Monday, September 6, 2010

Scarlet #2 Review

I was completely enamoured with the debut issue of Scarlet. It hit plenty of the right notes for me and for a comic I wasn’t sure I would like I was left jonesing for the second issue to hit the stands, two months later. Now it’s here and I read it and while it might not have been exactly as great as the start this second part to the revolution of Scarlet is still pretty damn interesting.

Scarlet #2

Written by Brian Michael Bendis
Art by Alex Maleev

The first issue of Scarlet painted us a picture of who our lead was and where she’d been and so this second instalment gives us a deep look into where exactly she’s headed from here and why. Here Bendis and Maleev address exactly what everybody complained was missing from the first issue so I wonder if this was satisfy the vocal minority…probably not, but it seemed the logical step to me.

Scarlet kicks off proceedings by having a quiet chat with us, the reader. She wants to give us the story that will bring us up to speed, she wants to tell us exactly what a girl does after her lover is killed and she’s just survived being shot in the head. She wants to explain exact how you go from being that victim to deciding to become the bully.

Through some simple reconnaissance and internet searching, Scarlet is able to track down the partner of the cop who shot her. It seems all too simple but not as easy as getting him to completely spill his guts. This scene gives us plenty of information but it seems too easy. Scarlet doesn’t truly earn anything she comes across and I don’t know why this guy gives it to her. He has quit the force in disgust at the corruption and knows the police obviously don’t trust him but he doesn’t see her as a potential trap or threat, he just breaks it all down for her. It might be a mild complaint but it did feel too easy.

Armed with knowledge, Scarlet then shows us how she goes about knocking the first block over that obviously starts her revolution against the world and how it’s run. Scarlet takes her passion and her anger to the source and it’s this sequence that ends the comic. It must be said that Bendis paces this sequences of Scarlet confronting her demon exceptionally well, whereas plenty of other pages, and double splashes, in the book feel like filler. Scarlet and her previous assailant with a badge have some great dialogue and the tension mounts like steam in a shower until someone has to finally swipe the mirror and see what’s going on.

The end of the issue knows how to perfectly slap the reader in the face so that we have to come back in 60 days and read on. There is no way I could pull out of the tale now. I’m intrigued and invested and I want to see how this revolution works for Scarlet. It’s a cool premise, and a great end, but I feel like Bendis was working towards that end and so filled the rest of his pages just to make sure it was the end. I guess I can’t complain, this issue clocks in at about 30 pages, it’s larger than your average comic, so anything extra I get, be it stretched out sequences or wordless moments, is more than Bendis really needed to give us.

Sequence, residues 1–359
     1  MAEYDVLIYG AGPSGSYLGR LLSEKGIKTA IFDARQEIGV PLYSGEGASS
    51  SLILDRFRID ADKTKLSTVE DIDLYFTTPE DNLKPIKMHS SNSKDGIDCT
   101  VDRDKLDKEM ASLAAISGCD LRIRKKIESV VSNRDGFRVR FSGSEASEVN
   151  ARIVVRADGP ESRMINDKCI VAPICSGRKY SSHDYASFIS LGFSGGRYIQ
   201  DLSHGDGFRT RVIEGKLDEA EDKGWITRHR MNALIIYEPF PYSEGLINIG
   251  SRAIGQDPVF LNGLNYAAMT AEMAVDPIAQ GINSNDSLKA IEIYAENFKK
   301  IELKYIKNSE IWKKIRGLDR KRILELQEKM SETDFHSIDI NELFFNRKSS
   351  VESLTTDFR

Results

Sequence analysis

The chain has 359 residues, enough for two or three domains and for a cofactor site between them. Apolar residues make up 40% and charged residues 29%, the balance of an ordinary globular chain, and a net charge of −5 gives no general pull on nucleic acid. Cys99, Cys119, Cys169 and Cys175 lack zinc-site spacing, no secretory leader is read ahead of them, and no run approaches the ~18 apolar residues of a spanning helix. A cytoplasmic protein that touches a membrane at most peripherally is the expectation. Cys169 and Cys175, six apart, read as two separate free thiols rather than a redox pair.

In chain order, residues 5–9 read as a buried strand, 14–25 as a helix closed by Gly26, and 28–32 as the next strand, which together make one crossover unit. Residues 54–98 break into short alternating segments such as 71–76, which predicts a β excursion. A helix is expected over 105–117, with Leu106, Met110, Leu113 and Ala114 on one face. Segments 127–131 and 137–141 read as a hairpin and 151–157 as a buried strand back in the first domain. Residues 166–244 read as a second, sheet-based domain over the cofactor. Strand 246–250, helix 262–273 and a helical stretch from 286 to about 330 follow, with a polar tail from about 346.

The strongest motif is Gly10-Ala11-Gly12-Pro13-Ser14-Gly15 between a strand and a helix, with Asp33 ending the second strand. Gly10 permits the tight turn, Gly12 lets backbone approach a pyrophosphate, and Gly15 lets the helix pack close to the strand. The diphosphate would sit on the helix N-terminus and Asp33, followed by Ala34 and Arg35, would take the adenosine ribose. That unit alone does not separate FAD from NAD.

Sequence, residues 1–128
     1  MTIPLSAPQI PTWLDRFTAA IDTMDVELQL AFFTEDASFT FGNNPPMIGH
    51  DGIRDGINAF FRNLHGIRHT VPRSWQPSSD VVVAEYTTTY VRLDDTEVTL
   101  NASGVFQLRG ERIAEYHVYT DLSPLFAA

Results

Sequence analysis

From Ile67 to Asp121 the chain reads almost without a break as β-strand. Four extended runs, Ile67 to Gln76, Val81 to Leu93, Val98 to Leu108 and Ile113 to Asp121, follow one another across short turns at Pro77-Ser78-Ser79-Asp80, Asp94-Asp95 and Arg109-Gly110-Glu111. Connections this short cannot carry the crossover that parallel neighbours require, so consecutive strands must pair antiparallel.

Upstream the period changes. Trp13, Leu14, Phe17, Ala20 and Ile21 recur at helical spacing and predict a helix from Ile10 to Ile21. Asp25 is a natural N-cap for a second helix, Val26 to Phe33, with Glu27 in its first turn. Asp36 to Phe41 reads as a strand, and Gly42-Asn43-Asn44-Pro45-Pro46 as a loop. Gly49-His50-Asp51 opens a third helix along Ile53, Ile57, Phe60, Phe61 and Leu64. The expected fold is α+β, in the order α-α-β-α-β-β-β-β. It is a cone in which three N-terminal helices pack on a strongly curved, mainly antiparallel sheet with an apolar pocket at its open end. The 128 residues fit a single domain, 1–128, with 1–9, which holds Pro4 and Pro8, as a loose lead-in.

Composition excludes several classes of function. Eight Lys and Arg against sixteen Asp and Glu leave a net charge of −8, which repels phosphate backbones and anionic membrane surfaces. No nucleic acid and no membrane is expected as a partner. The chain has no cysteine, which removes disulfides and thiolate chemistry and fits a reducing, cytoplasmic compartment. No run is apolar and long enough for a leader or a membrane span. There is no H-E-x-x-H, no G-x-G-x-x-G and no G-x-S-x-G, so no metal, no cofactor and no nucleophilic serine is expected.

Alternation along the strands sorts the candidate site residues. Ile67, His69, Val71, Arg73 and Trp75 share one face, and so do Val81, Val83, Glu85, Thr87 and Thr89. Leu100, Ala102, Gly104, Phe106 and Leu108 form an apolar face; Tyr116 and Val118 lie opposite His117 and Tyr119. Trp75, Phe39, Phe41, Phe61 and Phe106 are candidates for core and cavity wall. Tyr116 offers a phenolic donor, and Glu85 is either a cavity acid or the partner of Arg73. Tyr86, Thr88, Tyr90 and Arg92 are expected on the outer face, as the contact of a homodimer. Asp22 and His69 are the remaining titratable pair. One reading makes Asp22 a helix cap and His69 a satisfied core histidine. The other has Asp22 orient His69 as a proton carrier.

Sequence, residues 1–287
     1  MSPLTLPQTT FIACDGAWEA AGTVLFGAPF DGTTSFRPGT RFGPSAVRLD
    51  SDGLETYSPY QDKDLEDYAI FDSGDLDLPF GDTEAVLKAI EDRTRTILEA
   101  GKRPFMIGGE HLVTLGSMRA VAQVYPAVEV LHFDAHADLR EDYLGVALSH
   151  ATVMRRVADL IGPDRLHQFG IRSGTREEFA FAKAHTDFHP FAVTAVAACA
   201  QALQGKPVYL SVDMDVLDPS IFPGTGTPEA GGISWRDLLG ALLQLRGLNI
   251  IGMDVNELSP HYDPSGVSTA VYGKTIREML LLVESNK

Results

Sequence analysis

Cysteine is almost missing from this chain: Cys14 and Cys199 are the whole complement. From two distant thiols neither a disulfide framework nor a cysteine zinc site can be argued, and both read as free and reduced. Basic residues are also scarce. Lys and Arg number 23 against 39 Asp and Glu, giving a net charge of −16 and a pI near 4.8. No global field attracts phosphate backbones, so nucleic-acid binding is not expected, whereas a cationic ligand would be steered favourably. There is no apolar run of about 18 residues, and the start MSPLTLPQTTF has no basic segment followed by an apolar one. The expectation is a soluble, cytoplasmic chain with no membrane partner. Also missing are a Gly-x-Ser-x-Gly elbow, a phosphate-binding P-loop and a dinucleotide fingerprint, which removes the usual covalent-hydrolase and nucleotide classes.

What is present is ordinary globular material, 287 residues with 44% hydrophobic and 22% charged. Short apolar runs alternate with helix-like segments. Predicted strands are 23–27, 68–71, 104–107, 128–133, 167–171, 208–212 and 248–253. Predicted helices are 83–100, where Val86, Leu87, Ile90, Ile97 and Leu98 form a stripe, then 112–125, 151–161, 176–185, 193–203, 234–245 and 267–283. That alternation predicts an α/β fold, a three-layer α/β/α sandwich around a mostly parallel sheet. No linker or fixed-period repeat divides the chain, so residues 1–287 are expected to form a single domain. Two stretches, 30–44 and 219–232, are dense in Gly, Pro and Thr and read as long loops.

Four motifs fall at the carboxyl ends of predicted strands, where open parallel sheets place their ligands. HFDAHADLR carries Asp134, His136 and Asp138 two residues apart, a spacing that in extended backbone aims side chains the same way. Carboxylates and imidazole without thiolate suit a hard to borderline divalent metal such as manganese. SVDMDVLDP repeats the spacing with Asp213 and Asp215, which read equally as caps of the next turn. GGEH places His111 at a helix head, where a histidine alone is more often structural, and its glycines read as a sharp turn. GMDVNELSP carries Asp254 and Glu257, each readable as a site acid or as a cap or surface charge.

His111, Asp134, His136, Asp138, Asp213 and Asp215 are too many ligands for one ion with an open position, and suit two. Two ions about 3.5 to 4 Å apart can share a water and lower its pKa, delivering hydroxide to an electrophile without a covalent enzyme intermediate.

If it sounds like not a lot happens in this issue you could be forgiven for making that assumption. Scarlet chats to us quickly, then she chats to the ex-partner for 9 pages, and then she starts to exact her plan of derailing the problems of the world one scumbag at a time. The issue isn’t packed with a multitude of scenes but it still does resonate. Scarlet is asked why she doesn’t just leave and start a new life and she answer, “I did start a new life. This is it.” And that sums up the comic, this is one girl’s quest to move forward do something that she wasn’t previously ready to do. Whether it will work out the way she wants is something I’m keen to see.

Maleev’s art was good in this issue, he does draw a good comic in my eyes, but this was the first time I could understand why people don’t like his photo traced style. In a few panels it all just came off sloppy or without any artistic flair to it, just lines over a photo, but most of the issue looks very nice. He’s also really making Scarlet look like a true character, which I like. I’m also digging his white, red, and yellow panel bars and am wondering if they’ll actually mean anything in the end or if they’re just a cool way to skip some gratuitous violence.

Verdict – Check It. This comic is so very nearly worth owning, I believe, but I’d like to see Bendis continue to take a few more chances like he did in the initial issue. Here he uses some of the standard tricks we’re well used to from him, like the same panel over and over for effect, but it's tired more than it is true. The story is ramping up and I am hoping that the third issue will be a killer set piece because it kind of needs to be, all the sets have been painted, the characters explained, now we need some true action.


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4 comments:

Flip The Page said...

I'm loving this series, but I wish Maleev would let someone else do the colours, just to make it a bit less fumetti and a bit more visually clear

Ivan said...

I love her expression on the cover.

IronFist Fan said...

It was a good read,very interesting..Bendis let the character keep you going.I am on board for more

Michael Edwards said...

Love how the series is going so far. I think the retired cop explained it to her cut and dry because he saw the road she was heading down. And was trying to cut her off before she went to far. It felt organic. But, I do agree. Bendis needs to take more chances with the book - nothing gained from relying on old tricks.

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